Using financial data from 1,833 firms with US revenues of more than $1 billion in 2008/09, independent analyst firm Verdantix finds that spending on 29 sustainability initiatives will grow from $28 billion in 2010 to $60 billion in 2014. Over the 2009 to 2014 period the US sustainable business market will experience a 19% compound annual growth rate. The sustainable business market forecast finds that growth of 11% in 2010 will increase to 16% in 2011 and 24% in 2012. Growth in spending is driven by improved economic growth, risk drivers, competitive dynamics, innovation diffusion, higher oil prices, state-level GHG regulations and renewable energy policies. The study covers all industries and all sustainability initiatives from energy efficiency to spending on strategy, risk and brand.
by Tracey de Morsella, Green Economy Post
According to a new report from independent analyst firm Verdantix, the US sustainable business market will double to $60 billion in 2014 from $28 billion in 2010, sustainability spending will increase by 11% in 2010 compared to 2009. This positive trend will continue with a year-on-year increase of 16% in 2011 accelerating to growth of 24% in 2012. Over the 2009 to 2014 period the compound annual growth rate will be 19% across all 20 industries covered by the market forecast.
“In the US market, executive awareness of the business benefits of sustainability is on the rise” said Verdantix Director, David Metcalfe. “The elevation of sustainable business decisions to the C-Suite drives increased expenditure across all sustainability issues. But the US market is still 2 years away from rapid growth due to the sluggish global economy, delayed federal regulations and a lack of mature programs in firms with revenues of less than $10 billion,” he added
Based on research of over 1,250 US corporate sustainability programs, the Verdantix model defines sustainable business spend across 29 sustainability initiatives. Initiatives covered include spending on energy efficiency, carbon management, sustainability strategy, risk management, cleantech innovation, sustainable operations, human capital investments and industrial emission reductions.
The Verdantix report, US Sustainable Business Spending 2009-14, finds that the US sustainable business market will exceed $32 billion in 2011, grow to $40 billion in 2012 and hit $49 billion in 2013. Compound annual growth rates (CAGRs) for the 29 sustainability initiatives covered by the Verdantix Critical Moments® market forecast vary from 4% to 50% over the 2009 to 2014 period. Spending on electric vehicles and infrastructure will grow at a 50% CAGR to $2.8 billin in 2014 and for smart grid the CAGR is 39% and energy and carbon data management 34%.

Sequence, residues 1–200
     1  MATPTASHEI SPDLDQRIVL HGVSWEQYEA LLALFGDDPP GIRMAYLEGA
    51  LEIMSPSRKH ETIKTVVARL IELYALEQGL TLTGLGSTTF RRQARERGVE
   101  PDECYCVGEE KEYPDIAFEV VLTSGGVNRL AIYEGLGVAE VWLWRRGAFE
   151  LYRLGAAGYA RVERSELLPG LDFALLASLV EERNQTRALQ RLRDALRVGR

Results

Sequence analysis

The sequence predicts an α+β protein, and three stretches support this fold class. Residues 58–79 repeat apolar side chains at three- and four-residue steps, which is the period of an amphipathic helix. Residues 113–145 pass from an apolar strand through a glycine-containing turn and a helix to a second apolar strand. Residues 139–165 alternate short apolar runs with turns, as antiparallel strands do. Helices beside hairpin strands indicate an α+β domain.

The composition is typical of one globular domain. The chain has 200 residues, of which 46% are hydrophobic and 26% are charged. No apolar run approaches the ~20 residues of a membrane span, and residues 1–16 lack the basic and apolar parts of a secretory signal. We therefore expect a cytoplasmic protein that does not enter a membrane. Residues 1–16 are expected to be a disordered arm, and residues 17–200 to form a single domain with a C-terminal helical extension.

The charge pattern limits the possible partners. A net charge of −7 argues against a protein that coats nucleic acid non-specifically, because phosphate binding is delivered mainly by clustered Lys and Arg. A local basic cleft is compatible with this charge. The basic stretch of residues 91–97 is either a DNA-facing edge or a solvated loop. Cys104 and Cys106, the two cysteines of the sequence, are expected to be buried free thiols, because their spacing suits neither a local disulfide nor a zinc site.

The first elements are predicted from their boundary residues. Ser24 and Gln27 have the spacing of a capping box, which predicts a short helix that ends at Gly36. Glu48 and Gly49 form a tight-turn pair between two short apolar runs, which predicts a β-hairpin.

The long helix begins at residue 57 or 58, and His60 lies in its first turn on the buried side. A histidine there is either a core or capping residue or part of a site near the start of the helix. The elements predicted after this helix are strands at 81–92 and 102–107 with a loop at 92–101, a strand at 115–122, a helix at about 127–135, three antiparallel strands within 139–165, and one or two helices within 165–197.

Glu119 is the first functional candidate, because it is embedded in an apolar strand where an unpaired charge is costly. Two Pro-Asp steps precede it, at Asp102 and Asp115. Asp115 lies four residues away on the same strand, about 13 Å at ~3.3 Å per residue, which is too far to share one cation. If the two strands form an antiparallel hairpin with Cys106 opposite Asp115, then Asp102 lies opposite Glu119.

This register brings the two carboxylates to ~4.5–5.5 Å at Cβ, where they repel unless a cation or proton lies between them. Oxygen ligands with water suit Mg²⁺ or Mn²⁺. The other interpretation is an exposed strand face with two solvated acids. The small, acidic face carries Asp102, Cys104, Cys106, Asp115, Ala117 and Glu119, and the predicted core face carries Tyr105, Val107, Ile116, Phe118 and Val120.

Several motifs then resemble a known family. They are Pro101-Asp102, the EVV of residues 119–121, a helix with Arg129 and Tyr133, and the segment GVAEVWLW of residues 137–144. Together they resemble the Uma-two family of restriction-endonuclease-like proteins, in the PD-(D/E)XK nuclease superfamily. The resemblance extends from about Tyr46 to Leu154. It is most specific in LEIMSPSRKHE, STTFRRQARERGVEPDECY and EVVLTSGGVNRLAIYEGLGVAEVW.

From an industry perspective, over the 2009 to 2014 period, power utilities and automotive firms will increase spend at a compound growth rate of 24%, high-tech engineering at 22% and industrial engineering at 21%. By contrast, compound growth rates for banks and retailers will reach just 14% over the 2009 to 2014 period and media and insurance firms just 15%.
“Expectations for US economic growth between 2010 and 2014 are in the 1% to 2.5% range. So the 19% growth rate for sustainable business spending makes sustainability an attractive market” stated Vanessa O’Connell, author of the report. “Despite the positive growth rates this is a small market compared to the overall size of the US economy. Big variations in sustainability spend, program maturity and organizational design will make sales and marketing a challenge in the sustainability market over the next 2 years. From 2013 we expect to see more consistency in sustainable business strategies and more centralized budgets managed by Chief Sustainability Officers.”
The Verdantix Critical Moments model is based on analysis of market drivers including energy and climate change policy at federal and state level, competitive dynamics within industries, innovation diffusion, risk drivers, oil, natural gas and electricity price forecasts, and US and global GDP growth forecasts. The findings are validated with detailed case studies on corporate sustainability strategy covering firms like Citigroup, FedEx, Google, Hilton Worldwide, Intel, Johnson Controls and PG&E.
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